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"Last year the big thing was ethanol. Then that stalled. Now what we're facing is high feed prices," says Tim DelCurto, Oregon State University associate professor and superintendent of OSU Extension's ag research center in Union for the past 14 years.
High feed prices in part, DelCurto says, are due to the recent ethanol push and from the impact of continued adverse weather conditions on feed production throughout the U.S.
"The industry may still see high prices for their product, but they're also facing high costs," says DelCurto. "We used to operate with real cheap fossil fuels and cheap feeds — now neither one of those is cheap."
At the core of change lies an industry rapidly moving from what was once a commodity-based market to a value-added market, he says.
"It used to be that producers got paid by the pound for what they produced. Now nearly 50 percent of the market is comprised of branded products that come with a promise. It's quality, not pounds," he says.
The rapidly changing industry is what drove organizers to hold the first Cattleman's Workshop in 2003 in order to provide the correct and most current industry information to area cattlemen, as well as to students in the OSU ag program at Eastern Oregon University. It has become a regional event for the Pacific Northwest.
The central theme of this year's workshop, "Efficiently Hitting the Targets," features a list of industry leaders from throughout the United States.
"This is a really good group of speakers — in demand not only at the national, but the international level. We're just thrilled they all agreed to come to our area," DelCurto says.
The diversity of speakers was purposed to bring something for everyone, from cow-calf producers to the feedlot and packers.
Tommy Beall, the former director of market research for Cattle-Fax, will open the workshop with a presentation titled "Beef Industry Overview, Meeting the Challenges of Change." Beall had a big role in developing Cattle Fax into one of the most comprehensive research and database programs in the industry. He was also the marketing manager of Five Rivers Ranch Cattle Feeding, the nation's largest cattle feeding entity with 10 feedlots and a combined capacity of 800,000 head of cattle. Beall has more than 35 years of experience in cattle market analysis, risk management, procurement, marketing and feedlot management.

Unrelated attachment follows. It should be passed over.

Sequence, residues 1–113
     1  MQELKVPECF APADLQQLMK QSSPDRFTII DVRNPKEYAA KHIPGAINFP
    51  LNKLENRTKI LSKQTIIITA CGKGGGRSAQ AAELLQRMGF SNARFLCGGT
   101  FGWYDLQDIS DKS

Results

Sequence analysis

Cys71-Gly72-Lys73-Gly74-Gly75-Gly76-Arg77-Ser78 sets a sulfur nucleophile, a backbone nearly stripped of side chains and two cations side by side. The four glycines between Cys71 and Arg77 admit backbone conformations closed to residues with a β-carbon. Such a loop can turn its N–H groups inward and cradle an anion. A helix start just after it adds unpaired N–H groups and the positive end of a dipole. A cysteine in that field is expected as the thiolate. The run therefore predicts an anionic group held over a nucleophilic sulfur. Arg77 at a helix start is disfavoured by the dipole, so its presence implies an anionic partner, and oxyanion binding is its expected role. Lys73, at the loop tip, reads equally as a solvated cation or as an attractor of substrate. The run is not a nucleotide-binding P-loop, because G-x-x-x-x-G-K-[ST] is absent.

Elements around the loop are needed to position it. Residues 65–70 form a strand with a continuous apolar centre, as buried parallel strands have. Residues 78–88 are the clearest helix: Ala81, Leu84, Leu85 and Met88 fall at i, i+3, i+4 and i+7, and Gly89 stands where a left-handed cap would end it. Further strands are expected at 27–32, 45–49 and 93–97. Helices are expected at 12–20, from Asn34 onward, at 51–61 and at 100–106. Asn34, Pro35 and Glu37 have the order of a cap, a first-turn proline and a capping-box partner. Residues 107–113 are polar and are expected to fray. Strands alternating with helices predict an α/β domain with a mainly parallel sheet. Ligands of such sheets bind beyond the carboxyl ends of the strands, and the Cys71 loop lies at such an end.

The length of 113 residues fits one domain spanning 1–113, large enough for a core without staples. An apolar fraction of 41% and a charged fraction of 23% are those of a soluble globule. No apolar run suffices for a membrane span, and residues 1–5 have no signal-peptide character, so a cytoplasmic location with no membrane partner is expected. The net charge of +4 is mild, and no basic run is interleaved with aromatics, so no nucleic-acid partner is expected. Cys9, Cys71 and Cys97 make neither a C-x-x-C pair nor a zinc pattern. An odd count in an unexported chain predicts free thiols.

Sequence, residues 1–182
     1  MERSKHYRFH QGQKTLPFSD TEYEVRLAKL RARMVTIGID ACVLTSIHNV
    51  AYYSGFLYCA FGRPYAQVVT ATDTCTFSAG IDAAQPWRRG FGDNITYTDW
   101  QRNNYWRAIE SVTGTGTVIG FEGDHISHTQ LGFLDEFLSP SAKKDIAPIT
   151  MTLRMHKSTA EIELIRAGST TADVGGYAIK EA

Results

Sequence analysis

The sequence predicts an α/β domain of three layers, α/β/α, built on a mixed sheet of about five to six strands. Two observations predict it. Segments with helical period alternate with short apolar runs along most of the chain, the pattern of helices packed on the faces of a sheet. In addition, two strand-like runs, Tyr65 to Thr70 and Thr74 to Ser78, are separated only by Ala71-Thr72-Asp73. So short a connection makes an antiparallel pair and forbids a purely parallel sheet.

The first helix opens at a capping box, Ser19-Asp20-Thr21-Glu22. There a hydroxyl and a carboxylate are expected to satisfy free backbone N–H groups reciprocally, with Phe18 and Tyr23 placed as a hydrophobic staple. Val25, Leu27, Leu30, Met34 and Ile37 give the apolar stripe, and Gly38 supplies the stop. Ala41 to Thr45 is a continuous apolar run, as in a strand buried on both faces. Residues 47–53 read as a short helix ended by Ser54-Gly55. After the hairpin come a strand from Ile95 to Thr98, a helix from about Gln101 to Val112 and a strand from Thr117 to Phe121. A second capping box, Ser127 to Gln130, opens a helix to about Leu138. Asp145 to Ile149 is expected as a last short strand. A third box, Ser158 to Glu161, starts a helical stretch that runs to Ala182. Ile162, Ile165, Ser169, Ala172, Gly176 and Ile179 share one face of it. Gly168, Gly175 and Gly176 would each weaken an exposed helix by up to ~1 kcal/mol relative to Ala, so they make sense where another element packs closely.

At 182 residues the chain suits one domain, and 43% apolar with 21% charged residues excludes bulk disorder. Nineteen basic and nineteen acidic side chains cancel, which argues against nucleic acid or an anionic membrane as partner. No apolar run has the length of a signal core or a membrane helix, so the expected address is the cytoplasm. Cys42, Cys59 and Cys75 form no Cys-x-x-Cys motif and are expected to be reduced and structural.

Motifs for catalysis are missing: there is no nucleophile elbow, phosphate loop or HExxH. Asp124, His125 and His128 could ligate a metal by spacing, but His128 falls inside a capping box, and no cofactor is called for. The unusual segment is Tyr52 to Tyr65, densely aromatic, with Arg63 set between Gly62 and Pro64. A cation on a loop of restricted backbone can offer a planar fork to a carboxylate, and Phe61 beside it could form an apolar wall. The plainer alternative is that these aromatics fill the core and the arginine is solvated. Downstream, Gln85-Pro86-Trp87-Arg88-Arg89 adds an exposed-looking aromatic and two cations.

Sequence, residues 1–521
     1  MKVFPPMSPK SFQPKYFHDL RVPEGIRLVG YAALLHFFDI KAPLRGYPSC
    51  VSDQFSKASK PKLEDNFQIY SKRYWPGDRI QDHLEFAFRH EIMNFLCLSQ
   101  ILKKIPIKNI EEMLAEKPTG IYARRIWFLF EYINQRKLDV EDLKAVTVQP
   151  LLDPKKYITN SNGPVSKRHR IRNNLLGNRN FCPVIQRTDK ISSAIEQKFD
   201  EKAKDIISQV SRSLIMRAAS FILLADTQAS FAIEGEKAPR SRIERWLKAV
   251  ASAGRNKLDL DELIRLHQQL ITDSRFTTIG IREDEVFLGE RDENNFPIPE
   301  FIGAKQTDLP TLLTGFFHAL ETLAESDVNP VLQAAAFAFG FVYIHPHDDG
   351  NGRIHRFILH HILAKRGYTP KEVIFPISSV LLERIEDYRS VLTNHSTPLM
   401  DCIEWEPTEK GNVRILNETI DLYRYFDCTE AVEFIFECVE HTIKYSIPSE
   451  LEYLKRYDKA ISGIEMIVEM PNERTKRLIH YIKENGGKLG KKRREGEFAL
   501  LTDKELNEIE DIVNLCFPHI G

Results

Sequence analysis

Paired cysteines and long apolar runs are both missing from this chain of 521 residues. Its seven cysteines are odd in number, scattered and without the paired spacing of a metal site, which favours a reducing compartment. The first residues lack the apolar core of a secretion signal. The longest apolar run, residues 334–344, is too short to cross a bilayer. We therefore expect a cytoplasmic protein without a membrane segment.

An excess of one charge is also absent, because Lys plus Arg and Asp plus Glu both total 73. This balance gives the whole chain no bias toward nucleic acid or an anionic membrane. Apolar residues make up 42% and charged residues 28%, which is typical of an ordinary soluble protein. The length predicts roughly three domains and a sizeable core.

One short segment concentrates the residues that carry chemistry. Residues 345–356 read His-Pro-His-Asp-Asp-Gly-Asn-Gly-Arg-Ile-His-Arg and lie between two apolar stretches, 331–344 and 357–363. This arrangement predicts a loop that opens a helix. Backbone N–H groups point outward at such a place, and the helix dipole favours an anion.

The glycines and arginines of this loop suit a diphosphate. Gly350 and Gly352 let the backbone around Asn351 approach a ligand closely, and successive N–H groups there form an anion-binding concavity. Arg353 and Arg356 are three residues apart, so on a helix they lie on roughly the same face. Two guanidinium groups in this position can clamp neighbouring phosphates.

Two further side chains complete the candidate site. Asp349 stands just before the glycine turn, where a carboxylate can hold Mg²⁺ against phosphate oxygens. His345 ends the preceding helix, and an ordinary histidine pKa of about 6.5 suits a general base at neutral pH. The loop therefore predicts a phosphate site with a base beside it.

Speaker Tom Field will talk on the "Challenges and Opportunities for the North American Beef Cattle Industry." The Colorado State University professor and Cattle Fax consultant's topic focuses on the cow-calf big picture, overall trends, and how cow-calf operators need to change.
Al Kober, retail director for Certified Angus Beef, will follow with insights on how beef retail products will be changing in the future with his topic, "The Changing Beef Industry and Meeting Current and Future Consumer Expectations and Demands."
"Producing Cattle That Will Meet Future Feedlot and Packing Industry Targets," is the topic that will be presented by Bill Mies, a former professor at Texas A&M University and currently a feedlot consultant for Elanco Animal Health.
Twig Marston, Kansas State University, is known nationally for his expertise in developing programs for cow/calf producers. He will explore different real world ideas that producers can take home and use in their operations.
Pono Von Holt, owner of the Ponoholo Ranch in Hawaii, will discuss "The Changing Cow/Calf Industry: A Hawaiian Perspective." Von Holt is familiar to the region, having owned a cattle ranch in Wallowa County, and is one of the most progressive cattle ranchers in the U.S.
"I think these guys are going to provide a real good glimpse into the future," says DelCurto, adding that what attendees should take away from the event is a feel for all the changes that lie ahead and what they need to stay competitive.